What is gaslighting, and how to
address it in your relationship

Gaslighting is a type of emotional abuse and manipulation – and it happens more often than you’d expect. Our CEO and clinical psychologist Elisabeth Shaw explains how to spot the signs of gaslighting, plus how to address the issue with your partner and shut it down for good.

Dating seems to have its own language these days – people can be ghosted, benched or bread-crumbed  – but there’s one word that pops up a lot, especially in toxic relationships: gaslighting.


What’s the definition of gaslighting?

The term gaslighting originates from the 1944 film Gaslight, starring Charles Boyer and Ingrid Bergman, about a woman whose husband slowly manipulates her into believing that she is going insane. In the film, the female protagonist sees the lights flicker for no reason, but her husband tells her that it’s all in her head.

The term is now used in a relationship context to describe a situation when a person will distort the perceptions of their partner to gain power in the relationship and to ensure that their partner is solely focused on them.

The dangerous thing about gaslighting, however, is that while comments sound supportive on the surface, they gradually separate the partner from their social context.

On the face of it, gaslighting can sound not that serious, and it can be very subtle. But over time, it builds a picture where the person being gaslighted loses confidence in themselves, loses confidence in their own reading of a situation or circumstance, and feels less worthy themselves.

The victim can also end up feeling more bonded to the person doing it, because it ultimately is coercive and a means of gaining control.


The term gaslighting originates from the 1944 drama Gaslight, starring Charles Boyer and Ingrid Bergman. (Photo: Getty)


Comments and remarks that may indicate gaslighting include phrases like:

  • “Your friends don’t really like and support you.”
  • “Your family’s not really on your side, I think they just don’t love you as much as your sister/brother.”
  • “You’ve never been good at that.”
  • “I understand you’re not that good at it, we’re not all good at things.”


The difficulty in recognising gaslighting in your relationship

Even when a victim tries to call out the behaviour, a gaslighter typically responds by invalidating their partner and saying things like ‘you’re being too sensitive’ or ‘I didn’t mean it that way.’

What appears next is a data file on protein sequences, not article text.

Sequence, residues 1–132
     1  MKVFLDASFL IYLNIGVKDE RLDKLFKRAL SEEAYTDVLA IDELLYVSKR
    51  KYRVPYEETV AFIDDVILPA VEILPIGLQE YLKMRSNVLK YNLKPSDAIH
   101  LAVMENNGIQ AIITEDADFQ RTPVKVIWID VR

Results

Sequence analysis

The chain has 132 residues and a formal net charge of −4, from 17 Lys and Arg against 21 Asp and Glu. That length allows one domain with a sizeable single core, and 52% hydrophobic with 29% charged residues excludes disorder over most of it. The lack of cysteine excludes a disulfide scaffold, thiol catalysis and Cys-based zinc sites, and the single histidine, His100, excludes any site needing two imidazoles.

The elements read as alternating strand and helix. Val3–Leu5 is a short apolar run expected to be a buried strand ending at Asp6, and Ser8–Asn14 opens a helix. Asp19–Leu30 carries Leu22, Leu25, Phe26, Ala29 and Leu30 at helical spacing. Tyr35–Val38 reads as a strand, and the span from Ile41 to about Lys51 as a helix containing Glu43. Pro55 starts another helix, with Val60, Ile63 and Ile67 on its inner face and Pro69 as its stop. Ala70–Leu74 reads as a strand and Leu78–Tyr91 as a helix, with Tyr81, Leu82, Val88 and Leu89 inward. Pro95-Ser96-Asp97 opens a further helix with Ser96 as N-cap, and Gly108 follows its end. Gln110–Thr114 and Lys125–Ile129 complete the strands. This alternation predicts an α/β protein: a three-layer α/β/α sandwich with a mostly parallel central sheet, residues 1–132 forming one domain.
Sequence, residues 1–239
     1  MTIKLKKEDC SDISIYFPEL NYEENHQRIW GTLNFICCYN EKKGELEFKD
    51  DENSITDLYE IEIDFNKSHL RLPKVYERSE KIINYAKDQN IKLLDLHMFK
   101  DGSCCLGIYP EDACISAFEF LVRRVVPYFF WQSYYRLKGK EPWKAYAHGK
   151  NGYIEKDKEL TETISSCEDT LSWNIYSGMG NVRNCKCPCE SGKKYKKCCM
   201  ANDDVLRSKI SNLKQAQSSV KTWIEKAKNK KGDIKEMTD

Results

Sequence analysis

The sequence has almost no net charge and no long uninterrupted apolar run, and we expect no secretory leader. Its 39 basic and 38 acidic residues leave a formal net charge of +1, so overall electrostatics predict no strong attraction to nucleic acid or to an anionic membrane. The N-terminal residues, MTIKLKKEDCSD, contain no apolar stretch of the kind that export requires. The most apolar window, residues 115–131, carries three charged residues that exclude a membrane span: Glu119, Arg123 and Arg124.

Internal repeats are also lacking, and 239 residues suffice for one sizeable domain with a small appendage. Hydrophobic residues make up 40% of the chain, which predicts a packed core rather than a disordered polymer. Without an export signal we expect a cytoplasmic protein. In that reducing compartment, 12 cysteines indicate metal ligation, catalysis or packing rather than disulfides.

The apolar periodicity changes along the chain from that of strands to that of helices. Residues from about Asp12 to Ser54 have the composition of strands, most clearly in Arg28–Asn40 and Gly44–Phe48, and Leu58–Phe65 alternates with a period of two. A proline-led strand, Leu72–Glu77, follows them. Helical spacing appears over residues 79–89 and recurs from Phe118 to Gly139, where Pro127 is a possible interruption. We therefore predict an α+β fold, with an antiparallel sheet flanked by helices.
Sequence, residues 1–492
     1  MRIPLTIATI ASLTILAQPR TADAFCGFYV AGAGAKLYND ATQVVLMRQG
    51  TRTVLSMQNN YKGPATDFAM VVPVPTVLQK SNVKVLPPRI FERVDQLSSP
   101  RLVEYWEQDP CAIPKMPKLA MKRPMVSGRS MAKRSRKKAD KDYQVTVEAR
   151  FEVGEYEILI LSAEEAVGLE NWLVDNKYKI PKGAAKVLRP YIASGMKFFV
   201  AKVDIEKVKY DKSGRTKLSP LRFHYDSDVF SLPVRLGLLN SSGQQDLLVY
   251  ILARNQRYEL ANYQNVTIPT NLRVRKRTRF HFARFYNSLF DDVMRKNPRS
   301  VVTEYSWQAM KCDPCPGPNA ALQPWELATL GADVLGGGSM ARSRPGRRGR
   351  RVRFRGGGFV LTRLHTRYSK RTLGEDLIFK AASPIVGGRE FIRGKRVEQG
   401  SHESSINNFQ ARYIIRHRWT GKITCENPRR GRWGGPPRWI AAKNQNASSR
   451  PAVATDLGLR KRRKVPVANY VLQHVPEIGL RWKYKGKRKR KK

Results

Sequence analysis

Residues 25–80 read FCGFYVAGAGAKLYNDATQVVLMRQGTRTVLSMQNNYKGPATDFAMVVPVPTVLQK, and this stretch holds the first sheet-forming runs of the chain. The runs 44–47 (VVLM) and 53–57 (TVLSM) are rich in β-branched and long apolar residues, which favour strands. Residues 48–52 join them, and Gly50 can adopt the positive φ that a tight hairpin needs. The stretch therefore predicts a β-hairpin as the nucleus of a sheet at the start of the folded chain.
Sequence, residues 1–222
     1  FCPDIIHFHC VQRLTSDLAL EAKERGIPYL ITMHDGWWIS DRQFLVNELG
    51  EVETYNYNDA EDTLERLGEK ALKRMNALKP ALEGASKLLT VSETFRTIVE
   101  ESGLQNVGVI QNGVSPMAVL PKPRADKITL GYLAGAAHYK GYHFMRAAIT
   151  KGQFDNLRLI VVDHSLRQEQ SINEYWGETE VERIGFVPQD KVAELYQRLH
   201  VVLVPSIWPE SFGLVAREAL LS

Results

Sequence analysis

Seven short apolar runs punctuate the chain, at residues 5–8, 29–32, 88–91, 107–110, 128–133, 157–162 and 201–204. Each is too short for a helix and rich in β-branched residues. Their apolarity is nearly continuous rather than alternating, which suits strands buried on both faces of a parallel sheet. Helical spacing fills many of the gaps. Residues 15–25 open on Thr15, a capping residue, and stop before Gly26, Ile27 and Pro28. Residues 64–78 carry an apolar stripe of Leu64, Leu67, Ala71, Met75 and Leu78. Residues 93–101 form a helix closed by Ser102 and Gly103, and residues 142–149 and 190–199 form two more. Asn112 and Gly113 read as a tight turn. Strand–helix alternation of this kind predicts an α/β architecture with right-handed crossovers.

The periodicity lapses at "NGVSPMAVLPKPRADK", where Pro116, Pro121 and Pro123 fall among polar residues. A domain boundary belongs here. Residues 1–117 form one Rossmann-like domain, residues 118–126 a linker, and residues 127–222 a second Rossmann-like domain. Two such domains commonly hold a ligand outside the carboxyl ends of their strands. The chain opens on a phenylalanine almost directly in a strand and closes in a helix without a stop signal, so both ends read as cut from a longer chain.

But a good way to recognise gaslighting is to ask yourself if you feel better about yourself since entering the relationship. Ask yourself the following questions:

  • Since beginning the relationship, do you feel you have slowly lost confidence in yourself as a person?
  • Are you spending more time at home, and not due to external factors like the pandemic?
  • Are you connecting with your friends and family less and less?

It’s important to also listen to friends and family if they comment on how they dislike the way your partner talks to you. It can be tempting to dismissing their concerns in the same way the perpetrator might. But if you repeatedly hear loved ones telling you things like ‘That sounded hurtful,’ don’t just excuse it. Stop and listen, because sometimes negative behaviour like gaslighting can be easier to spot from the outside than from inside the relationship.


How to confront a partner who is gaslighting you

If you feel like you’ve been invalidated in your relationship, the first step to resolving it is building some confidence in your own experience. Start by listing out some examples of when you feel your partner has displayed gaslighting behaviour. Some of these might be overt examples, such as if your partner has called you names or said you’re hopeless at something.

However, if you find that each example is being dismissed, it can be helpful to speak more generally. You can tell your partner that you don’t believe that they build you up, and you don’t feel as though they speak to you in a proud and respectful way.

You may need to relay numerous examples to describe how you’re feeling in the relationship, but the examples aren’t really what matters in the overall scheme of things – it’s about how you are feeling.

Ideally, you want a partner who can acknowledge your feelings, and say ‘I’m very sorry that’s your experience and I want to go about fixing it.’ You don’t have to be 100 per cent right, or choose the best possible examples. But in the end, it’s about whether you have a partner who cares about your experience. You want a partner who takes you seriously no matter what you’re bringing up.


Gaslighting can be a type of emotional abuse

If a partner is unwilling to acknowledge your concerns around their behaviour, this is where gaslighting starts to be considered as behaviour which falls under the domestic violence category.

Some people think domestic violence and abuse has to be physical, but emotional abuse can happen within what looks like an otherwise fairly functioning relationship – and it can be extremely harmful.

Gaslighting can erode a good connection between a couple, and harm their intimacy. If someone feels bad about themselves because their confidence has been deliberately eroded, they won’t feel empowered to address all sorts of other things in the relationship, like how to tackle parenting, your sex life, friendship issues or career goals.

If you’re struggling to get through to your partner and are concerned about gaslighting, it’s best to seek professional help and counselling.


If you or someone you know needs help with an abusive relationship, contact the Australian Helpline 1800RESPECT (1800 737 732). Relationships Australia NSW also offers counselling services for individuals and couples

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